Contextual interference effect on perceptual-cognitive skills training

David P. Broadbent, Joe Causer, Paul Ford, A. Mark Williams

Research output: Contribution to journalArticlepeer-review


Contextual interference (CI) effect predicts that a random order of practice for multiple skills is superior for learning compared to a blocked order. We report a novel attempt to examine the CI effect during acquisition and transfer of anticipatory judgments from simulation training to an applied sport situation. Method: Participants were required to anticipate tennis shots under either a random practice schedule or a blocked practice schedule. Response accuracy was recorded for both groups in pretest, during acquisition, and on a 7-d retention test. Transfer of learning was assessed through a field-based tennis protocol that attempted to assess performance in an applied sport setting. Results: The random practice group had significantly higher response accuracy scores on the 7-d laboratory retention test compared to the blocked group. Moreover, during the transfer of anticipatory judgments to an applied sport situation, the decision times of the random practice group were significantly lower compared to the blocked group. Conclusion: The CI effect extends to the training of anticipatory judgments through simulation techniques. Furthermore, we demonstrate for the first time that the CI effect increases transfer of learning from simulation training to an applied sport task, highlighting the importance of using appropriate practice schedules during simulation training.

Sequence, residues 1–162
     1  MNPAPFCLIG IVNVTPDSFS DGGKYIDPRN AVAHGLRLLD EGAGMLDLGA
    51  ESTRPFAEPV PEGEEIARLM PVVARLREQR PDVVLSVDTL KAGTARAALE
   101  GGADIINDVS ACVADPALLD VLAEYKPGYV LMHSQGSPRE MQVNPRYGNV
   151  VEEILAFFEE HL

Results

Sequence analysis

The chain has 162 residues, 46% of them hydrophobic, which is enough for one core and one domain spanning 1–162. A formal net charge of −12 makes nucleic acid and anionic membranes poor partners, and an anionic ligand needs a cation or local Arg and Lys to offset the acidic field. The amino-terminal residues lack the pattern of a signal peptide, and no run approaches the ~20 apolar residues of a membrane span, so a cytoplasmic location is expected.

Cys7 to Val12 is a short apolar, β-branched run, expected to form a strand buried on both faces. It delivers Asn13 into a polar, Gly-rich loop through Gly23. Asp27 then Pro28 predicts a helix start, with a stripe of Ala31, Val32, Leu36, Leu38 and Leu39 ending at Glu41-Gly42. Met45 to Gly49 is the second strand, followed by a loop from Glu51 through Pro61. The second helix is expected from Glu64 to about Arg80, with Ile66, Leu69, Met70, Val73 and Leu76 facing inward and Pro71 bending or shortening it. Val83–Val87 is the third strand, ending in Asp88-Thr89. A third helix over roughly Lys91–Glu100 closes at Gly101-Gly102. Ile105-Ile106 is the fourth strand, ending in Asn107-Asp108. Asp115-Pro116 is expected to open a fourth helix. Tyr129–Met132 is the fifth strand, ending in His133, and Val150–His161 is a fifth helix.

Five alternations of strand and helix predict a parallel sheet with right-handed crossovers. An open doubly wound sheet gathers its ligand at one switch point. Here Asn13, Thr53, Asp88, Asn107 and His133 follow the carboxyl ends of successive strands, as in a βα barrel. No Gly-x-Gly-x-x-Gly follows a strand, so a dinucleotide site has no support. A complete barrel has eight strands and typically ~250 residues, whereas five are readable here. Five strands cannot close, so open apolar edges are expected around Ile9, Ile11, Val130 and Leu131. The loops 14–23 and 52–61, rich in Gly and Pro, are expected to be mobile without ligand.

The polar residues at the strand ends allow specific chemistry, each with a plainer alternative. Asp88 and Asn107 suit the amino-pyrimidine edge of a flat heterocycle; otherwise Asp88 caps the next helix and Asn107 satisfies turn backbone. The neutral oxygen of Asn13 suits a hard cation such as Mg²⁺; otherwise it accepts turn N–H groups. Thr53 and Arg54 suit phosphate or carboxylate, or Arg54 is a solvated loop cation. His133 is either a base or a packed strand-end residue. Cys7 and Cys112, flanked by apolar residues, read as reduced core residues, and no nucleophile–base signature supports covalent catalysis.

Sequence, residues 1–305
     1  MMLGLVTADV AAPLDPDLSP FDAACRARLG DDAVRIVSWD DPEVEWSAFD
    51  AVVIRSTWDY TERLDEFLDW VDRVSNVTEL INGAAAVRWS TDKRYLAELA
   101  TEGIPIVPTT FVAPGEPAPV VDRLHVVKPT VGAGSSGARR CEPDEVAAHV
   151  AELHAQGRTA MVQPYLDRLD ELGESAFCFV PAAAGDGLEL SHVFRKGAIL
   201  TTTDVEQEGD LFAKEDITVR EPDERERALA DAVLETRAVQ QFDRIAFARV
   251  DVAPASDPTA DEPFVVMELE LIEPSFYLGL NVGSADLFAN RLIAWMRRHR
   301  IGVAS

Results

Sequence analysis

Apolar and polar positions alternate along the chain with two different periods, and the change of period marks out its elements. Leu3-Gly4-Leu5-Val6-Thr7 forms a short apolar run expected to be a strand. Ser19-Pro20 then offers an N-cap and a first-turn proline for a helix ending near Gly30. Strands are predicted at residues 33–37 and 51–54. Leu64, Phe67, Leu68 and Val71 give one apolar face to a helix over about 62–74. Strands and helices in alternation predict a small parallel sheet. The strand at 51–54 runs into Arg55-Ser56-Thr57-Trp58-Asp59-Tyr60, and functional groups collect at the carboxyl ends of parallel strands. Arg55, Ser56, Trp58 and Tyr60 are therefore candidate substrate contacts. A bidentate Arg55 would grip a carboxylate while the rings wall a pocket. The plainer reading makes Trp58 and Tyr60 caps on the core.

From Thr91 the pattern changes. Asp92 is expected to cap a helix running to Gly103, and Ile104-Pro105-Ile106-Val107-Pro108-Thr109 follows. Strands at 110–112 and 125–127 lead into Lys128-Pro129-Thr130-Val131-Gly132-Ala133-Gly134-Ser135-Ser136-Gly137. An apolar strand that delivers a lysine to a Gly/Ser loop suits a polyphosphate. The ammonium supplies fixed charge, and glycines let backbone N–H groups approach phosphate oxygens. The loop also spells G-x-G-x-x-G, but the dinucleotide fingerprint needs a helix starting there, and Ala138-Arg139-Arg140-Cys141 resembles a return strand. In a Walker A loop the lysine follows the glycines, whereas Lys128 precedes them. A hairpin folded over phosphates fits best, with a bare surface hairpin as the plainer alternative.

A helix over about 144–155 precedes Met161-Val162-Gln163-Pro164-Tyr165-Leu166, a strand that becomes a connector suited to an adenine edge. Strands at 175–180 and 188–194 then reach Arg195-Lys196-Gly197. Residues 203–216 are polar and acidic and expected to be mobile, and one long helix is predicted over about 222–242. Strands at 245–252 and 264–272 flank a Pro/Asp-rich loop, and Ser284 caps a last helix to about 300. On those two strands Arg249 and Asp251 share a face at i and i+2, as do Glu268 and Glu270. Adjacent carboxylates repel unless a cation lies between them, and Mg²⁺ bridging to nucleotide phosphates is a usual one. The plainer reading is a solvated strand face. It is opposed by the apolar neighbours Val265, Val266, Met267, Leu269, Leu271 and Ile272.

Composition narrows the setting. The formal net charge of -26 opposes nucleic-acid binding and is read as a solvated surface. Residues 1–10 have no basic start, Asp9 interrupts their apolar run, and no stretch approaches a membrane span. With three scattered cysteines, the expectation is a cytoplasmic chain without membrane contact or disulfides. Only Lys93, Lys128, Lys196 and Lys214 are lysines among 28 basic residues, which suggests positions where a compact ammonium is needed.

Original languageEnglish
Pages (from-to)1243-1250
Number of pages8
JournalMedicine and science in sports and exercise
Issue number6
Publication statusPublished - 30 Jun 2015

Bibliographical note

This is a non-final version of an article published in final form in Medicine & Science in Sports & Exercise. 47(6):1243-1250


  • anticipatory judgment
  • perceptual learning
  • practice structure
  • transfer of learning
  • video simulation


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